Yale, Russia, and Sanctions: when a paper goes viral…
Every researcher dreams that his or her work will make an impact: however, despite all the late nights and hard work many papers can fail to garner much attention, either within their discipline or across the broader media landscape. But what’s it like when you hit your paper right out of the park?
If you’ve been studying the rankings on SSRN, you’ll have seen one paper rocketing up the charts. Business Retreats and Sanctions Are Crippling the Russian Economy was released on July 20th. The paper has been downloaded nearly 90,000 times, it’s abstract has been viewed online over 300,000 times and in early September it was in the number three slot in the SSRN Top 10,000 Papers Ranking.
The paper’s authors, who include Jeffrey Sonnenfeld, founder and CEO of Yale School of Management’s Chief Executive Leadership Institute, and CELI Research Director Steven Tian, examined how Russia has been weathering the economic storm caused by its illegal invasion of Ukraine and the sanctions that followed.
By looking at a huge range of alternative data sources to the Russian official numbers, the report’s authors paint a dark picture of Russia’s economic performance, and the paper’s abstract on SSRN says: “From our analysis, it becomes clear: business retreats and sanctions are catastrophically crippling the Russian economy.“
The paper has had widespread pick-up in the media, from Foreign Policy and CNBC to Fortune, the Washington Post and The New York Times.
And it’s not just media that are taking an interest. The paper’s authors were invited to Washington by the U.S. State Department to brief the foreign press on their findings (see picture above.)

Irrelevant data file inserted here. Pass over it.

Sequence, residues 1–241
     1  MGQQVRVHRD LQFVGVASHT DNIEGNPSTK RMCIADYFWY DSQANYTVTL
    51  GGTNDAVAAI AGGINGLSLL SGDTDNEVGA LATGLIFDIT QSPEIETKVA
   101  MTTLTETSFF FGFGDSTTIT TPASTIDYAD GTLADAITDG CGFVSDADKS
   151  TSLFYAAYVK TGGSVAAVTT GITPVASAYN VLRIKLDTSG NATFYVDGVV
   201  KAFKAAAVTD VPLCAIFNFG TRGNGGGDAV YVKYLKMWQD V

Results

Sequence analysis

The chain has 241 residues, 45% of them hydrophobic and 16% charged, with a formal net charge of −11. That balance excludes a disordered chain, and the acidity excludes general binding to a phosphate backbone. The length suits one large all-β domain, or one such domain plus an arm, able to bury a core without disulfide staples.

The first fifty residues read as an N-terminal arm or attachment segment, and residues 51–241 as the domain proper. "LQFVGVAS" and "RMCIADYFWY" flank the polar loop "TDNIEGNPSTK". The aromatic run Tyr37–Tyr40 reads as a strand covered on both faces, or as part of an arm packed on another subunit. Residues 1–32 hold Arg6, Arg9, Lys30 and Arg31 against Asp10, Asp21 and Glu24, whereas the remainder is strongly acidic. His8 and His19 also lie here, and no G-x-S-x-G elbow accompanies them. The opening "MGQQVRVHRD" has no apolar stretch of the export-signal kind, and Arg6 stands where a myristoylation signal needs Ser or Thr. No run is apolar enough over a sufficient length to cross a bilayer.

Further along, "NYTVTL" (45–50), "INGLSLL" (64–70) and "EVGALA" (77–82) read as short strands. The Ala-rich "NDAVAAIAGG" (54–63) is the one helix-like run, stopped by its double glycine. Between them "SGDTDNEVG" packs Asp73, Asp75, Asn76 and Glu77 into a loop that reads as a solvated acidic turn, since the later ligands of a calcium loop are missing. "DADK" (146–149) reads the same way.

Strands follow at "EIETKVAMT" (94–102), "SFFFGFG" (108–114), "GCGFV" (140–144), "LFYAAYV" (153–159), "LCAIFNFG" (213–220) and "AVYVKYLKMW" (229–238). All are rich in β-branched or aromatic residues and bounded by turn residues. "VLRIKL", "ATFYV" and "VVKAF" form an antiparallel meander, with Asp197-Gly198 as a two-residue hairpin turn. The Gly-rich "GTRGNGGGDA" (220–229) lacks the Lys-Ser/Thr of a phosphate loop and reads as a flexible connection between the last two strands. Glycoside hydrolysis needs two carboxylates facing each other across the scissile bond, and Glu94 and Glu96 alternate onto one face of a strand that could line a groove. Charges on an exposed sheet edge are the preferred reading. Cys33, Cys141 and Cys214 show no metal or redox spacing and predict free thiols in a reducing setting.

It was tough to get into its author’s diaries to speak to them – SSRN’s blog had to reschedule because, among other outlets, the authors had to speak to the BBC – but eventually we were able to grab a quick call on Zoom to catch up, which found Sonnenfeld and Tian very much in the eye of a media storm.
“The Washington Post article drove an awful lot of traffic to SSRN and that got caught up by everyone – in Asia, North American and Europe,” said Sonnenfeld.
Sonnenfeld is quick to point out that both he and Tian are part of multidisciplinary and multilingual department, and so the paper was very much a group effort.
“There are 42 people here who are experts in econometrics tools, corporate governance, and political history, and can cut across the different related domains,“ said Sonnenfeld.“
“Just as important is that we have ten languages outside of English: there are nationals from Russia, Poland, German and Finland – as well as native speakers of Mandarin, Japanese, Italian, French and Spanish,” he said.
The team provided much needed on-the-ground expertise, so the research paper’s data comes from local sources or people on the scene. They looked at shuttered malls, and at a lot of original archival evidence.
“We have different people to help us get access to data that’s suppressed,” said Sonnenfeld. “The US Treasury has conceded that we have better data than anyone in Government, because we are not reliant on Russia’s official data,” he said.